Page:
I can't really say I have different frames of mind for these situations. But what I will do is slow things down if I experience a bump in the road. Also, playing with others is really helping, even if I sit in on a session and end up playing just 4 tunes.
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  7. #6

    Default Re: Training the Mind

    Practice is different from performance, and jamming is a performance. The skill to nail a phrase or tune on the third pass is distinctly different from nailing it on your only pass. You have to practice that. One way is to warm up and then play the tune once, then move to another tune and play once, etc. Then understand where you stumbled and then practice those elements. At least two things usually are at fault, you don't know the piece as well as you think and you can't relax enough to let your practice shine through. (at least for me anyway).

    Getting out of your own way is a phrase heard a lot around this topic.

    but ymmv
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    Orrig Onion HonketyHank's Avatar
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    Default Re: Training the Mind

    Re your first two questions, for me, it seems to be a question of "am I sick of this tune yet?". If the answer is no, then I haven't practiced it enough to just go with the flow and let the notes come out on their own. Kinda sad, yes?
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    Registered User Randi Gormley's Avatar
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    Default Re: Training the Mind

    Zac Hilbert mentioned fatigue, and I'd agree. Sometimes you're just more tired than you know. If you find yourself doing a lot of mind-drifting, take a break, get some water, walk around, stretch. As for playing with another person, a lot depends on how comfortable you are with that other person. I play a lot with my-husband-the-guitar-player, and i'm comfortable enough with him (musician to musician) to point out repeated bad chords in a tune or mention if he's slowing down, stuff I'd never do if it was an exchange husband-to-wife. I'm comfortable enough playing with my teacher to make mistakes and get a good laugh out of it; same with people during a session --any clams I make, i just keep going.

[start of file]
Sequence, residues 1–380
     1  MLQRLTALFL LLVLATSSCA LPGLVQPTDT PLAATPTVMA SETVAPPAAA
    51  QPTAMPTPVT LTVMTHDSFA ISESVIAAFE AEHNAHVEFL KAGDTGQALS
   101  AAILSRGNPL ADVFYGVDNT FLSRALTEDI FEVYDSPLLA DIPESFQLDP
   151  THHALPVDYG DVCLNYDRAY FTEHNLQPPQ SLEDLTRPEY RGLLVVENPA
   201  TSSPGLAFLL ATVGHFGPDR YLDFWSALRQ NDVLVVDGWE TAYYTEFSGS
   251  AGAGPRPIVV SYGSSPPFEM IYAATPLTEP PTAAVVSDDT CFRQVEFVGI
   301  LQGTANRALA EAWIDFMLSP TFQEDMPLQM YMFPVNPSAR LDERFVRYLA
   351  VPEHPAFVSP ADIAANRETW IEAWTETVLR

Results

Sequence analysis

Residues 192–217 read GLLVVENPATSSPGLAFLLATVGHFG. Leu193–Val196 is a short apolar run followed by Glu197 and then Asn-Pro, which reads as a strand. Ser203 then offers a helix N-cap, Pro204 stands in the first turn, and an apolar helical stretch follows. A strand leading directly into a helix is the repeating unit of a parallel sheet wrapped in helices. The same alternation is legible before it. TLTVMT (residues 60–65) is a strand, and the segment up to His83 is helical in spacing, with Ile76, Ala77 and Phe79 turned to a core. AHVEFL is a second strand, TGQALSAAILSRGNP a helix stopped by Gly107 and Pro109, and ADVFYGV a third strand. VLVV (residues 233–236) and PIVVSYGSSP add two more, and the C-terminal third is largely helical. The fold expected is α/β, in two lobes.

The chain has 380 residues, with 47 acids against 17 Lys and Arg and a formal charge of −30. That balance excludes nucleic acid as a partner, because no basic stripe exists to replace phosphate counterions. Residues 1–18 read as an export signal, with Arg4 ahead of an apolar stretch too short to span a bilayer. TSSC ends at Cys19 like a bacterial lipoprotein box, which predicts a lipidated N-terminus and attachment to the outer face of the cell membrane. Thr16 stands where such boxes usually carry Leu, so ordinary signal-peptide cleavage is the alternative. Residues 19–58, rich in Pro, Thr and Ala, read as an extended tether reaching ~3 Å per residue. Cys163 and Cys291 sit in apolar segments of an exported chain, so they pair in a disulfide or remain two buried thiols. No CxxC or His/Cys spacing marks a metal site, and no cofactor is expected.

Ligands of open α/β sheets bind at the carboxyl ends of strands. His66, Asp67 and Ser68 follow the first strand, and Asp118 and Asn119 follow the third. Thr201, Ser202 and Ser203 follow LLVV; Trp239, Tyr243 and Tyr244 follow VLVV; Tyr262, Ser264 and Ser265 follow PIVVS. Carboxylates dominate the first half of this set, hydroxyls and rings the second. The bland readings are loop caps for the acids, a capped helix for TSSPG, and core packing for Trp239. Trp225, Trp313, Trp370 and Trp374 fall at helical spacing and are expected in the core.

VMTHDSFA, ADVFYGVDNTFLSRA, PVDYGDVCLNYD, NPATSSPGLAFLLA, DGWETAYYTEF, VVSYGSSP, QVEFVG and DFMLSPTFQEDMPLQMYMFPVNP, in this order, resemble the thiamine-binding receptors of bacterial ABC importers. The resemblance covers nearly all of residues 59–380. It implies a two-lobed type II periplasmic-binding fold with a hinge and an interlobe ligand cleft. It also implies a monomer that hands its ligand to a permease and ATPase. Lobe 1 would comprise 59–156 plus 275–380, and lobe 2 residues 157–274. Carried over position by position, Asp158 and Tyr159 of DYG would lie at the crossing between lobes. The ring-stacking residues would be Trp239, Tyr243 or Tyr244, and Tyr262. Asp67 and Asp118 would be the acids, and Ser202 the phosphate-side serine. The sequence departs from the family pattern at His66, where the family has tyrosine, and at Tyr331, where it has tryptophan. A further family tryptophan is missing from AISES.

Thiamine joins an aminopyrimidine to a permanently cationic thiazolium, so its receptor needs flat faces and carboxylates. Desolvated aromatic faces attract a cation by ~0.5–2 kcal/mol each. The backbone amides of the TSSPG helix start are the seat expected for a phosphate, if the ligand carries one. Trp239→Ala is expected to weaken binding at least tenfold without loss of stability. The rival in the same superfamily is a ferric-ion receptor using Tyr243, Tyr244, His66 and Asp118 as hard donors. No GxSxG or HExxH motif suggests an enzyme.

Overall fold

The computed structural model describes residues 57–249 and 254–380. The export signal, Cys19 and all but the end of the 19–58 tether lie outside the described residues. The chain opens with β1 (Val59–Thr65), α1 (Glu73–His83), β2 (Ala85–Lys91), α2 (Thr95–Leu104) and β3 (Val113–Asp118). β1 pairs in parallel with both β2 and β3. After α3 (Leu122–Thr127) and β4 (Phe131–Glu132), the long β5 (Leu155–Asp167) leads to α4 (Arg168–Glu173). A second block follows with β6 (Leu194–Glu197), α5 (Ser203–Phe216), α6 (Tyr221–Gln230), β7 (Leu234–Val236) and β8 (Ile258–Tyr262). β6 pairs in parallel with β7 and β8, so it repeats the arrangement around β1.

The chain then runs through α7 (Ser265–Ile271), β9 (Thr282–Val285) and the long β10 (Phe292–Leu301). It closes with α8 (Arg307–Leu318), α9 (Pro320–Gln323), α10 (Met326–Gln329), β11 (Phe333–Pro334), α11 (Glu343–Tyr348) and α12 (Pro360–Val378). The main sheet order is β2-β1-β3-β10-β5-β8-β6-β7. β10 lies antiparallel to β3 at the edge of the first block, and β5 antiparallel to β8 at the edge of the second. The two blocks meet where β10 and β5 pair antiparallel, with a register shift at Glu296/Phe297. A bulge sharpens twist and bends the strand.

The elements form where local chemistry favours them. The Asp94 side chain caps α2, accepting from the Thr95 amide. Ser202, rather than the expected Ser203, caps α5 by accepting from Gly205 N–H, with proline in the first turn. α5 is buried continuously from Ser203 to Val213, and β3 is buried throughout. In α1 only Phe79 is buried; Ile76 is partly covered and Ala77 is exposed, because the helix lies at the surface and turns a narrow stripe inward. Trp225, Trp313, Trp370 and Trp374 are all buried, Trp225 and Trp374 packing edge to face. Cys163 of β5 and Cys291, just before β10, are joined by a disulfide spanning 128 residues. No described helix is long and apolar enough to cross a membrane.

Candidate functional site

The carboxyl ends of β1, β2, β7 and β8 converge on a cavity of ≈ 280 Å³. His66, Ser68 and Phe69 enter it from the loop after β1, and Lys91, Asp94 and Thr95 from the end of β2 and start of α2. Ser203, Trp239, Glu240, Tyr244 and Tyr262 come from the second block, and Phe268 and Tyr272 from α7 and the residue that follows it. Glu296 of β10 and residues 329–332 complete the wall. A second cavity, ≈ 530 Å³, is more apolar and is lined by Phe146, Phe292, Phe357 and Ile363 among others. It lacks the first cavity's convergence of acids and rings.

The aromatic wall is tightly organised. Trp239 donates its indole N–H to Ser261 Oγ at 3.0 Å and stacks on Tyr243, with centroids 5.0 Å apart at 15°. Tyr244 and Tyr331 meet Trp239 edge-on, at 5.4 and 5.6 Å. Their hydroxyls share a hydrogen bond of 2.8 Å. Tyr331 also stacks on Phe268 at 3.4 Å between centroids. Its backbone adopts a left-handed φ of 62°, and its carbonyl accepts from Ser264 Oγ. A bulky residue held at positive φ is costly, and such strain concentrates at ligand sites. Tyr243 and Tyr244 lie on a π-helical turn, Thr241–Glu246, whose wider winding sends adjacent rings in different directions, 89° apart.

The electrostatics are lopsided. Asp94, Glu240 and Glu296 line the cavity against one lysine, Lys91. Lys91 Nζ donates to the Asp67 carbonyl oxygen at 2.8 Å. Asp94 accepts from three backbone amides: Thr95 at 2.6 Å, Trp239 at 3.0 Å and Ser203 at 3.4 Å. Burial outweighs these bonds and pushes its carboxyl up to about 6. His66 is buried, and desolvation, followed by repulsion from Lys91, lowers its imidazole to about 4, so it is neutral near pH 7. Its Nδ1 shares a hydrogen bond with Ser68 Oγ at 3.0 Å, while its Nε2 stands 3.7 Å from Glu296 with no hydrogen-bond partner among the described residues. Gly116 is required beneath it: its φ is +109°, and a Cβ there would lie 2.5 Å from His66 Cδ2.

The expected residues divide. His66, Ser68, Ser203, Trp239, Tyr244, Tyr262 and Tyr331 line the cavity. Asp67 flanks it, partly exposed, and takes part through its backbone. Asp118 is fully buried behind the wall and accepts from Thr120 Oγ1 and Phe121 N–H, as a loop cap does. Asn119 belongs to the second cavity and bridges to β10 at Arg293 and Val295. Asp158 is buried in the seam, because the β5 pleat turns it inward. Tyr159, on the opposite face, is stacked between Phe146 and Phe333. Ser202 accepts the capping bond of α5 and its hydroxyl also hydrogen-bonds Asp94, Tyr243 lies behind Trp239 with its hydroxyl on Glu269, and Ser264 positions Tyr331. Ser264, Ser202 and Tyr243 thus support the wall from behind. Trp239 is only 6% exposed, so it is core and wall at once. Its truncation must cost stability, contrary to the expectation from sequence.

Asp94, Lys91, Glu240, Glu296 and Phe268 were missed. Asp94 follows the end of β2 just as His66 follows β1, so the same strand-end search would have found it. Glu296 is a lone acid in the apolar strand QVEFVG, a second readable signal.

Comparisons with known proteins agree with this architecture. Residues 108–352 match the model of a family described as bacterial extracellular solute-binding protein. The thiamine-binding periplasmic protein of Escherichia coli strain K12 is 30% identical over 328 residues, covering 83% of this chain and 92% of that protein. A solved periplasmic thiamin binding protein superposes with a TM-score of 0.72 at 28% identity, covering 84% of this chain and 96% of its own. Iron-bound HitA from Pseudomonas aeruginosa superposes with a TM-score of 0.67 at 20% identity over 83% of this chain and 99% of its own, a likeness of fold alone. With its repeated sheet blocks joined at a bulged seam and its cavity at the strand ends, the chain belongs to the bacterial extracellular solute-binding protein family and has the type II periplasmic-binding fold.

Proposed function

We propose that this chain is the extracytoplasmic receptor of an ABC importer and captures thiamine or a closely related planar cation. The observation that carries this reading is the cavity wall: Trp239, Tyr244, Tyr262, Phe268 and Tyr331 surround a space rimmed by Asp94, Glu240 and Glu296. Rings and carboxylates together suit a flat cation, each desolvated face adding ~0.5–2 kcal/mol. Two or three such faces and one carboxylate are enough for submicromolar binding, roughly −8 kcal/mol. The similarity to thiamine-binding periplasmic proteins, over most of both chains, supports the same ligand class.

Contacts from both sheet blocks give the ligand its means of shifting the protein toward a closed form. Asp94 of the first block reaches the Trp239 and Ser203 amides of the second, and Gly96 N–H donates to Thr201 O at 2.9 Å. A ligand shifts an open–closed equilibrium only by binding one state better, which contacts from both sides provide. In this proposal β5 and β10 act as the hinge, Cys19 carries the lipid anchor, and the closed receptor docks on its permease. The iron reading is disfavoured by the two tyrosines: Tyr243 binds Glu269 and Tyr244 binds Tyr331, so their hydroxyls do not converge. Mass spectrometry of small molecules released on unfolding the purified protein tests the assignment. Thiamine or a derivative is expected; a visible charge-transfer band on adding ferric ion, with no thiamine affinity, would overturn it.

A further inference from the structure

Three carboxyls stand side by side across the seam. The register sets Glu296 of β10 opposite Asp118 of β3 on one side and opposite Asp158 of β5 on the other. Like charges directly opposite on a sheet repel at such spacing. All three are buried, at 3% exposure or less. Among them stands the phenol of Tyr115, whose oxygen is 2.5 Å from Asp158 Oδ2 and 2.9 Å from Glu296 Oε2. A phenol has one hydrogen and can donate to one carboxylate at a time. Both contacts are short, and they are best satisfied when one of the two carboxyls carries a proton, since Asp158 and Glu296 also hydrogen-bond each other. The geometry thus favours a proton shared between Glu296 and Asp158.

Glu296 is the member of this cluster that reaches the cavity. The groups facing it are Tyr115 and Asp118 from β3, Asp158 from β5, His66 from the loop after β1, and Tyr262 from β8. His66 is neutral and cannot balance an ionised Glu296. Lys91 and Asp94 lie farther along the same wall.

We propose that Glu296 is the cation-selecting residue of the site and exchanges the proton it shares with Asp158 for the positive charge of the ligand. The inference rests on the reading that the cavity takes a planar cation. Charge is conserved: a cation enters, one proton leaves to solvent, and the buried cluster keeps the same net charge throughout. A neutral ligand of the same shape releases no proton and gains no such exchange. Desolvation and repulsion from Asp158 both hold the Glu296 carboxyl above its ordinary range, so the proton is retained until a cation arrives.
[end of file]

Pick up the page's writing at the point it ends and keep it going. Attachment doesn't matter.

I know that saying that you're overthinking stuff isn't any help, but i think you're too focused on mistakes. Mistakes happen. Unless they're life-threatening, it wouldn't hurt to cultivate more forgiveness for yourself for making them.
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  13. #9

    Default Re: Training the Mind

    Sometimes when my jam friends and I play a gig and we get some applause I make a joke: "And we didn't even make any mistakes that time!" Mistakes are not a big deal. You play this stuff enough times and "mistakes" just aren't made anymore even if you don't always play exactly how you expect or your concentration lapses or whatever.

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    Registered User Brian560's Avatar
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    Default Re: Training the Mind

    I have trouble with the first two,especially focus lapse. I also have trouble with playing getting sloppy during practice. My current attempted solution is recording my practicing. That prevents me from glossing over mistakes.

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    Registered User gfury's Avatar
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    Default Re: Training the Mind

    Timely topic. Items 1 and 2 have been on my mind lately.